MD We will be ready. After the Council Regulation will enter into force, it’d take about a year to set up organisation of the SSM. There have been many discussions on how fast we should move and how broad should be the scope. One has to remember that we are a passive actor. We are in the hands of our legislators. It’s clear that we want to move in a timely fashion, but it’s more important to move well. And we intend to take the time that’s needed for that.
FT Would one of the things about doing it right be that you need there to be some sort of European-wide bank resolution scheme in place before you take over the supervision, otherwise you’re in a situation where you’re nominally in charge of supervising all these banks. If one of them needs to be wound up, for whatever reason, you’re completely at the mercy of the local supervisor and the local arrangements. You don’t actually have the powers to do anything.
MD A European Resolution Authority is an important complement to the SSM, and it will likely be in place by the time the SSM takes up its responsibilities. But even in its absence, the single supervisor’s assessment of the possible non-viability of a bank would be such a strong statement that it would likely trigger the national government’s policy response.
FT A personal question, it’s a human question, here you all this incredible pressure on you. If you had to think of a few people in the world, you’re definitely in the top five who’ve got most pressure from all the places, trying to hold this together. How do you cope with that, number one? And, number two is there anything that surprised you after being in this place for one year?
MD The way to cope with these pressures is to never forget that they are part of the set of responsibilities that one carries with this job, responsibilities to deliver price stability; to take policy decisions that affect the welfare of millions of people.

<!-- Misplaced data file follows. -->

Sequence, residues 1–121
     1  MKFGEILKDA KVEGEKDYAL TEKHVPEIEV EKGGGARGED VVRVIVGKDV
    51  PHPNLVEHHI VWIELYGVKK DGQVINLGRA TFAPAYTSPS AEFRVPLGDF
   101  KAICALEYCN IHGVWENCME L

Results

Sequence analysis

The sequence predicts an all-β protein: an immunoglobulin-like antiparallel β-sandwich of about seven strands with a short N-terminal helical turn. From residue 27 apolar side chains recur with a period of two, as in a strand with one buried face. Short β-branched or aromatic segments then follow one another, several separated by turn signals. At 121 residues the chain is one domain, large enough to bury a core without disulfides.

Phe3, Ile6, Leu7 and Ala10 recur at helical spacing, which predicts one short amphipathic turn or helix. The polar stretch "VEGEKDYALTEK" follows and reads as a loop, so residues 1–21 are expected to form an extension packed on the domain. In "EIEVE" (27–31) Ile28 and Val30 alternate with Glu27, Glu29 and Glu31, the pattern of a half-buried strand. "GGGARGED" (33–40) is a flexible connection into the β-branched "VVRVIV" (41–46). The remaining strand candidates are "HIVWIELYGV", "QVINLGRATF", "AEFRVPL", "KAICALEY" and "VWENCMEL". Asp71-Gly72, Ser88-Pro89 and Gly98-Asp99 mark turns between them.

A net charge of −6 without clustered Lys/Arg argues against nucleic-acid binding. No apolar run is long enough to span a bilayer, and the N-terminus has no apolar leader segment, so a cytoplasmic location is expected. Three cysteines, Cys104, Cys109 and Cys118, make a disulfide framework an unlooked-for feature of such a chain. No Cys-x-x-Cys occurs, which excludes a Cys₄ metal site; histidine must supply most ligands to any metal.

I really can’t answer your second question because to say that something has surprised you, you have to be able to look back and say, oh, that thing actually surprised me. And this is not the way I function. I look forward, being naturally inclined to focus on the future. At least I think. But you should ask my colleagues too.
FT Anything to add?
MD I’d like to give you this quote of Professor Zygmunt Bauman, a Polish sociologist who has become best known for his analyses of postmodernity and consumerism. It has to do with the fact that you don’t lose sovereignty when you share it, but you actually regain it. Countries with high debt and deficits should understand they have lost sovereignty a long time ago over their economic policies in a globalised world. Working together in a stability-oriented union actually means to regain sovereignty at a higher level.
FT They’ve lost it to the markets?
MD Yes. And sharing common rules for them actually means to regain sovereignty in a shared way rather than pretending to have sovereignty they’ve lost a long time ago. That’s the point.